Ramiel gingerly let go and watched his companion drop the remaining feet to the concrete floor.
“Help me, Neven!” Ramiel watched as Neven scooped up his crossbow and headed down the slope to the barn in the backyard. Ramiel unwound his sacred stole from his pocket. Tied the red cross in a figure-eight knot around the spindle and swung his weight over the edge, tarzaning off the side of the deck. He scratched against the concrete just in time to feel the impact of tiny exploding shards, sharp wooden stakes.
Ramiel was certain now of what had to be done. It was with clarity and faith that he found a way to begin his slow crawl downhill to the barn, trailing Neven’s sinister silhouette.
Neven never looked back to see if his old friend had found a way off the deck. The blood-red barn at the bottom of the hill held his destiny: to mount the pale white horse and emerge the leader of mankind. Ramiel had served his purpose, leading him to this place. Months of meditating with the monk while his mind conjured the admiration of nations visualized victory as he led his people past the pestilence of their time and into a new era.
The barn doors were heavy, unoiled sentinels before him. He checked around their edges, just as Ramiel taught him, before tugging with all his might and stepping inside.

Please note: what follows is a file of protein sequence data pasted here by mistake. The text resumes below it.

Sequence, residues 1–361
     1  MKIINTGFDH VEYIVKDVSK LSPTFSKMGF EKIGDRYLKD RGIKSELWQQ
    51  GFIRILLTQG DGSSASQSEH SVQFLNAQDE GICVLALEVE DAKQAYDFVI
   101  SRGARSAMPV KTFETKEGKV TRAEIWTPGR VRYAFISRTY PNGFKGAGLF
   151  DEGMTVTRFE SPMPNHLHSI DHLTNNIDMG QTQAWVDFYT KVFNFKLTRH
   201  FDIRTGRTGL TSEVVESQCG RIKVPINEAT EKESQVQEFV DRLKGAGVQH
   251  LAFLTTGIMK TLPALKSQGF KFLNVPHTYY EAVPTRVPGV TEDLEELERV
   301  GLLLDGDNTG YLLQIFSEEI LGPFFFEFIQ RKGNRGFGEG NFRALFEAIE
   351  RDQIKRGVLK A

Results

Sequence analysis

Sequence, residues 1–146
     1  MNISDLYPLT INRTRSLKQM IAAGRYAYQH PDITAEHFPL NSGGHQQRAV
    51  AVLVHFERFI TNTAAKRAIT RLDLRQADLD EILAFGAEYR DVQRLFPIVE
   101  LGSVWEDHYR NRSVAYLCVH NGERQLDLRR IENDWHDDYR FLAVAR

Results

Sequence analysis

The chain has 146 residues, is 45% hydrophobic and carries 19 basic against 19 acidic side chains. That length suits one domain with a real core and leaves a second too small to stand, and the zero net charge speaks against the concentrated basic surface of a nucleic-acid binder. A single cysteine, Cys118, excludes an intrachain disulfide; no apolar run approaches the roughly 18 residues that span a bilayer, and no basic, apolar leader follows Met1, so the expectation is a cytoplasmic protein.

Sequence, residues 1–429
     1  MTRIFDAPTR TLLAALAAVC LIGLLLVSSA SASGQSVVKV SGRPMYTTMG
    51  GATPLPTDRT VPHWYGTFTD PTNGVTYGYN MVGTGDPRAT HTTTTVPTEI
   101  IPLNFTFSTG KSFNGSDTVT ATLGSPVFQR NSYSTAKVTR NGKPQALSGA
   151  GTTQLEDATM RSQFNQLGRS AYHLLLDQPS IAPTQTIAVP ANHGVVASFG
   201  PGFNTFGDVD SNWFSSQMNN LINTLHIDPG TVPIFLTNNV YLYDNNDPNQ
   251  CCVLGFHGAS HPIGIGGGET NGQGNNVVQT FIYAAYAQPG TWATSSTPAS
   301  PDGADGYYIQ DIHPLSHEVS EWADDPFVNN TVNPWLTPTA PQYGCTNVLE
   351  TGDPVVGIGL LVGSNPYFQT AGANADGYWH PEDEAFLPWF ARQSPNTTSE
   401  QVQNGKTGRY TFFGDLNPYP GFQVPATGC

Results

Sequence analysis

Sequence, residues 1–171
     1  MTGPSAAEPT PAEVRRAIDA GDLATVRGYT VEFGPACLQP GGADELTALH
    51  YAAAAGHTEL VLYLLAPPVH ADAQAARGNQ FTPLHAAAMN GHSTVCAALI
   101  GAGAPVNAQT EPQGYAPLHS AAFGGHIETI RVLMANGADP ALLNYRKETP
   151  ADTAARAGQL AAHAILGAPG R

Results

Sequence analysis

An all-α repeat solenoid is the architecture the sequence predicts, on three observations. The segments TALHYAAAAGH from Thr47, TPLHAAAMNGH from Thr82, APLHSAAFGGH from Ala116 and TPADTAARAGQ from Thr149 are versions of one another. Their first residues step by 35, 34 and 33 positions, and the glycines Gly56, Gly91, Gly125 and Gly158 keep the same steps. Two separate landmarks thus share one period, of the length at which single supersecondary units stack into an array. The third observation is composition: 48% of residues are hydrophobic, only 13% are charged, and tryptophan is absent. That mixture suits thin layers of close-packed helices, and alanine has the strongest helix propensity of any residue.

There was death behind those doors. Carcass after carcass of every variety. Pigs lay postulate, chickens heaped up, their petrified hocks and eyes froze forever. Neven steadied his bow and entered the animal tomb, which much like the great pyramids of ancient times held the true prize of a master buried with his flock.
Deep snorting from the rear of the barn almost like a saw-scaled viper in the center of the road. Neven took timid steps through a flock of fallen sheep, walking through the heavy clouds on their backs. Beyond their cumulus bodies, his true and faithful steed stood. A striking figure in a silk white coat, blemishless and without a trace of blood, although he was surely the only living animal in the barn. Touching his withers, Neven could envision his victory ride across the continent, ruler of all on his route.
He seized the mane with two fists, determined to hoist himself onto his destiny when from the ground below a hand caught his ankle. Slithering through the guts of the barn was Ramiel, cloak red with blood from all the slain animals in his path. Neven looked into his eyes, flares in the darkness, illuminating the carnage around them. A barn hose in hand, Ramiel looped Neven’s ankle, slicing his Achilles tendon with the brass nozzle then quickly completing a constrictor knot.
Falling to his knees, Neven’s pain leaked from his lips as Ramiel climbed up his body like a step ladder, seizing his bow, and sliding the barn hose between the steed’s teeth to form a makeshift pair of rubber reins. Righteous truth behind each tap of the horseman’s boots, his head circled round with the straw from the empty manger, Ramiel galloped from the barn, dragging the body of his fallen friend out into the stormy sunset, the expanding thunder a heavenly stampede.
Do you have a favorite story from my first fifty Story Time posts? If so, please share.